But later that summer, the Florida Fish and Wildlife Conservation Commission (FWC) discovered that Justin had actually purchased the animal at a reptile supply store and staged the capture. He made a public apology, insisting that he had simply been trying to demonstrate the dangers of keeping pythons as pets. “I did it for wildlife education,” he told the Tampa Bay Times. But Justin was quickly written off as a loose-cannon redneck seeking personal glory and publicity for his rescue business and faded from public view.
Now, more than three years later, Justin, a rangy 50-year-old with a beard and a Pall Mall-induced rasp, is walking through Big Cypress National Preserve—a 720,000-acre patch of cypress marsh in the northern part of the Florida Everglades. His mission is to kill Burmese pythons, which can grow as long as 20 feet. He is one of 1,400 people who have signed up to hunt, shoot, and decapitate as many of the snakes as they can in a month as part of Florida’s first-ever Python Challenge.
Many media outlets have described the 2013 Python Challenge as a “bounty hunt.” But the contest’s chief organizer, Frank Mazzotti, a professor of Wildlife Ecology at the University of Florida, prefers to call it an “incentive-based market solution.” Participants compete in two separate divisions: one for general competitors, another for year-round permit holders. The winners receive cash prizes for kills—$1,000 for the longest, $1,500 for the most.
The guy who’s been injecting himself with snake venom for 20 years (and stars in our recent doc Venom Superman) is doing a reddit AMA. Go ask him a question.
Getting High Injecting Snake Venom
The hemotoxins in a tree viper’s venom attack human blood cells and can result in an agonizing death in less than 30 minutes. The neurotoxins in a cobra bite can kill a person in half that time. So why has Steve Ludwin has been sticking all this lovely snake juice in a syringe and mainlining it for the last 20 years? Because he’s on a quest for immortality. Milking an array of deadly snakes including rattlesnakes and monocled cobras, with a few vipers thrown in the mix, Steve has been injecting what would for any normal human be fatal amounts venom into his body since the late 80s.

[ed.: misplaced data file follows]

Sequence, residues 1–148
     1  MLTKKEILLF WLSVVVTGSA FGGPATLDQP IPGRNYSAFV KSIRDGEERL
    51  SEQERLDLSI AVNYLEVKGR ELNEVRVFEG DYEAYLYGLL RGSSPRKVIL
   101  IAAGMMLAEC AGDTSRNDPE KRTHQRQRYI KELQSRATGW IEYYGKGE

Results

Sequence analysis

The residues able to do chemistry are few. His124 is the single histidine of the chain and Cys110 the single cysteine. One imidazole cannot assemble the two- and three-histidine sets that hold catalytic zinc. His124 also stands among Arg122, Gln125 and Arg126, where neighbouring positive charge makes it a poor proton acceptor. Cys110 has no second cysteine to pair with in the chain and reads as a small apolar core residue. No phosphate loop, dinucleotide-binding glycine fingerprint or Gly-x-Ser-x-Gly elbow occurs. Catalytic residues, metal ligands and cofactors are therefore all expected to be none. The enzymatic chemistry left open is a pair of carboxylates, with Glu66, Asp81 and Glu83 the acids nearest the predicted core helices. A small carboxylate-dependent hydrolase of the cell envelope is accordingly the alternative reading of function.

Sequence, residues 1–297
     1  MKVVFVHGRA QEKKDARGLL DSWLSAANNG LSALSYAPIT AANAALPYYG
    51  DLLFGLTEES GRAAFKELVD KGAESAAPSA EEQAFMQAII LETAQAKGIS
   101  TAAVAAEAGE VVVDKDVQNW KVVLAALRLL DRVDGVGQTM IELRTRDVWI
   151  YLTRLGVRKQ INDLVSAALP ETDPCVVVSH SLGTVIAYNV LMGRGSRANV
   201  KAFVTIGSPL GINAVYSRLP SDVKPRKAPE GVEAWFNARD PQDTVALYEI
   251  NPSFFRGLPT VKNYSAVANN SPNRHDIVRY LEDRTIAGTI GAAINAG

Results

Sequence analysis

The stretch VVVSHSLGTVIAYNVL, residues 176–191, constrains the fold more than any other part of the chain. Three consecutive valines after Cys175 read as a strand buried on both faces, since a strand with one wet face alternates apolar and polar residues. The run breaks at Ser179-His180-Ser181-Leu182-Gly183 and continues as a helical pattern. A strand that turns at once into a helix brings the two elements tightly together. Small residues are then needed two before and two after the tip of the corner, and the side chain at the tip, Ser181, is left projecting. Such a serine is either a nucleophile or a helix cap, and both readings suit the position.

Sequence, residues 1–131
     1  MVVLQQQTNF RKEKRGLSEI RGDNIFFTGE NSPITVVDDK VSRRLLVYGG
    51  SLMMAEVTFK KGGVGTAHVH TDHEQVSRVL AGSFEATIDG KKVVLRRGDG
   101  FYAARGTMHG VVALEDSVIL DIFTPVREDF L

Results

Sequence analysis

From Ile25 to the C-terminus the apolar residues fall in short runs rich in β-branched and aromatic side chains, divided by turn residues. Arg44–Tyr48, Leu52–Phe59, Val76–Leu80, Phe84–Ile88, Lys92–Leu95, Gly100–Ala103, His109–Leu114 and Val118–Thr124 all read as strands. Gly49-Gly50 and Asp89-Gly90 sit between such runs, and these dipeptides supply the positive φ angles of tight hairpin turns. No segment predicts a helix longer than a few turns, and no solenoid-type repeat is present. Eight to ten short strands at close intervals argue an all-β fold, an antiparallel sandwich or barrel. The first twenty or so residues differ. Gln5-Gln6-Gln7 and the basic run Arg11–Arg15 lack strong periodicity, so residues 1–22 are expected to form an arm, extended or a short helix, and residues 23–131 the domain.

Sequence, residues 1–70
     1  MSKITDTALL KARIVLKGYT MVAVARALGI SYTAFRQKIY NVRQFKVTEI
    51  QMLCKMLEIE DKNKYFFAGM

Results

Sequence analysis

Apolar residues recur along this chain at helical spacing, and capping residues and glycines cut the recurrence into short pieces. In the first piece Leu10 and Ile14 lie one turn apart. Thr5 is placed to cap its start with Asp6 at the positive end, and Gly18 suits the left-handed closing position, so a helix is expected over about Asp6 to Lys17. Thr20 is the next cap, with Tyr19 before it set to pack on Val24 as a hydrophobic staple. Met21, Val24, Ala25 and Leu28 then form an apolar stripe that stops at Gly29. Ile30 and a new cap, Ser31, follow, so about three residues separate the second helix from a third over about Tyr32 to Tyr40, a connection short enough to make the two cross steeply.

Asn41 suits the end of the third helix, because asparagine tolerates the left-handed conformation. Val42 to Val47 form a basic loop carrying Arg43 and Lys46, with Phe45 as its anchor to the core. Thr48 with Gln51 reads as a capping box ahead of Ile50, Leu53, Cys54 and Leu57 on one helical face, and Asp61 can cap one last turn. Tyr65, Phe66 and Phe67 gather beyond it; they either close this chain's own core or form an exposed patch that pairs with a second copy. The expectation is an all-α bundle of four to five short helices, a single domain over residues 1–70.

The basic principle—laid out by pioneer herpetologist Bill Haast, who died last year at the age of 100—is that regular exposure to the venom develops an immunity. Steve claims to never get ill, and that cobra venom is the ultimate pick-me-up, with effects lasting days after injecting, making Steve stronger, faster, and more resilient. And now, it looks like mainstream scientific research might be catching up.
Watch the video
Terttu Uibopuu has a name we can’t pronounce (though we’re willing to learn!) and takes beautiful pictures of interesting people in various stages of dress. She was born in Estonia and got an MFA from Yale, so that’s fancy. Her work will be featured in a new group show that opens tonight at Strange Loop Gallery on Orchard Street, entitled “XX- as in female chromosomes”. It was nice of them to add that second part, just in case you thought it was about that band and not about girl power.
Roger Ballen has been shooting with black and white film for over 50 years and we can’t thank him enough for continuing to create and break new ground in that medium. Unlike some photographers who are obsessed with trying to capture what they see with their own two eyes, Ballen strives to create abstract interpretations of the world we live in through his powerful photos. This goal gives his images resonance and it also helps personalize his work, which he aptly describes as a “psychological and existential journey.”
A selection of Ballen’s photos will be exhibited in the Smithsonian Africa Museum, Washington DC in 2013. In addition to his stellar still photography, he also makes films such as Die Antwoord’s music video for “I Fink U Freeky.”